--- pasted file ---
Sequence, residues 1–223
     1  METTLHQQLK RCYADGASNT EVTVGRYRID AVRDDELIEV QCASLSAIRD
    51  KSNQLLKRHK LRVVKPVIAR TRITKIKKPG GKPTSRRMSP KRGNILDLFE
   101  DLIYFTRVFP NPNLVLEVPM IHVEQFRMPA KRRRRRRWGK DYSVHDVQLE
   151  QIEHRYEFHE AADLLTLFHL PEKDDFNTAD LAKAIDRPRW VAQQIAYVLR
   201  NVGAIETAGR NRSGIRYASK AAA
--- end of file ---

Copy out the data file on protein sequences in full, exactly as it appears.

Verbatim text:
Sequence, residues 1–223
     1  METTLHQQLK RCYADGASNT EVTVGRYRID AVRDDELIEV QCASLSAIRD
    51  KSNQLLKRHK LRVVKPVIAR TRITKIKKPG GKPTSRRMSP KRGNILDLFE
   101  DLIYFTRVFP NPNLVLEVPM IHVEQFRMPA KRRRRRRWGK DYSVHDVQLE
   151  QIEHRYEFHE AADLLTLFHL PEKDDFNTAD LAKAIDRPRW VAQQIAYVLR
   201  NVGAIETAGR NRSGIRYASK AAA